T.J. MCFARLAND: The lefty ground-ball specialist was re-signed by the Cardinals after pitching effectively in relief over the final three-plus months. I recapped his performance late last week and basically he’s way down there among the worst relievers in the majors this season with a 7.65 ERA and all sorts of cruddy stats. The GB rate (53.6%) is still impressive, and batted-ball luck hasn’t been kind to him. But that doesn’t account for McFarland allowing four home runs in facing 90 hitters over 20 innings.
And he’s gone off the cliff in his matchups against LH batters; they’ve rocked him for a .414 average and 1.073 OPS. The Cardinals have a real problem here, and his $2.5 million salary doesn’t justify keeping him on this roster.
DREW VERHAGEN: Honestly, I’m not sure. I need to see more. He has a 4.02 ERA in 11 games and 15.2 innings of relief work. In eight appearances since returning from the IL, his ERA is 3.27. He’s also above average in a key metric for relievers, Win Probability Added.
VerHagen’s fielding independent ERA is much higher because of his bloated walk rate (13%), and it’s imperative to fix that. This RH pitcher has prevented LH batters from hitting for power but needs to lower the slugging percentage against him by RH hitters.
VerHagen has improved his swing-miss rate from his time in MLB with Detroit, and that’s good. He has the talent but needs to (A) raise his ground-ball rate, and (B) throw more strikes. He has an awful strikes-thrown percentage of only 34.6 percent this season, and it would benefit to get ahead of the hitter more frequently on the first pitch of an at-bat. After getting an 0-1 count against a hitter this season VerHagen has allowed a .188 average and .508 OPS. But after a 1-0 count, VerHagen has given up a .304 average and .955 OPS.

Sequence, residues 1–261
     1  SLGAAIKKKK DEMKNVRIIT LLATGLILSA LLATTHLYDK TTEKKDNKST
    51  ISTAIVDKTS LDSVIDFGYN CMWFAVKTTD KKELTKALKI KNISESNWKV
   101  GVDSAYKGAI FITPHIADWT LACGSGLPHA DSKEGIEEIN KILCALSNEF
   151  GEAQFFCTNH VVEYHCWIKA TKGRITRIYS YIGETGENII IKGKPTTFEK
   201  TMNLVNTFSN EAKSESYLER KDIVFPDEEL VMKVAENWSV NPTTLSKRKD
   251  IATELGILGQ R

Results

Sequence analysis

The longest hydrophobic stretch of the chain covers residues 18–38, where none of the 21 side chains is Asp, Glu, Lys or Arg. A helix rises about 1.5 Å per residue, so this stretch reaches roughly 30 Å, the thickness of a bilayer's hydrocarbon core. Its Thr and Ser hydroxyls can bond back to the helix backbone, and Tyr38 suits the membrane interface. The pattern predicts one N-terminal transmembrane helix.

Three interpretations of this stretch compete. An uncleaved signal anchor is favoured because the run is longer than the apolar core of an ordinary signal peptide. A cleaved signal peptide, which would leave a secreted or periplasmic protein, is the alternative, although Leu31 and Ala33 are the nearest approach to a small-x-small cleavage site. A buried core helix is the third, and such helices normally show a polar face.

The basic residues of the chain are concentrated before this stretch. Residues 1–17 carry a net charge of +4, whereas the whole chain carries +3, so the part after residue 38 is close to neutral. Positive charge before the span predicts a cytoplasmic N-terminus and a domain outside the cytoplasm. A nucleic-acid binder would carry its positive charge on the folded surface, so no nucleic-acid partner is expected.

If VerHagen can do a better job of controlling the strike zone, he can be a highly effective reliever for the Cardinals. If so, the team’s two-year, $5.5 million investment will pay off. I’d say “TBD” on VerHagen but I’m optimistic.
AARON BROOKS: Forget about it. He was designated for assignment after getting belted for a 7.71 ERA in five appearances covering 9.1 innings. As a Cardinal he faced 43 batters and was hammered for four doubles, three homers, a 48.5% hard-hit rate and a .926 slugging percentage.
PACKY NAUGHTON: We mentioned him in the top section of this column when talking about rookies that have given the 2022 Cardinals a lift. Naughton was claimed on waivers from the Angels after the lockout and he’s turning out to be a good find. I’ll focus on his performance as a reliever: 23 batters faced, six innings, no runs, five hits, one walk, a 26.1% strikeout rate and a 56.3% ground-ball rate. Hitters have a .227 average and .488 OPS against him. And LH batters are 1 for 10 with three strikeouts. Again: why isn’t Naughton being put into service as a busy reliever? Given McFarland’s horrendous performance in 2022, having Naughton sit around makes no sense.
Thanks for reading …
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All stats used here were sourced from FanGraphs, Baseball Reference, Stathead, Bill James Online, Fielding Bible, Baseball Savant and Brooks Baseball Net unless otherwise noted.
For the last 35 years Bernie Miklasz has entertained, enlightened, and connected with generations of St. Louis sports fans.
While best known for his voice as the lead sports columnist at the Post-Dispatch for 26 years, Bernie has also written for The Athletic, Dallas Morning News and Baltimore News American. Bernie has hosted radio shows in St. Louis, Dallas, Baltimore and Washington D.C.
Bernie, his wife Kirsten and their cats reside in the Skinker-DeBaliviere neighborhood of St. Louis.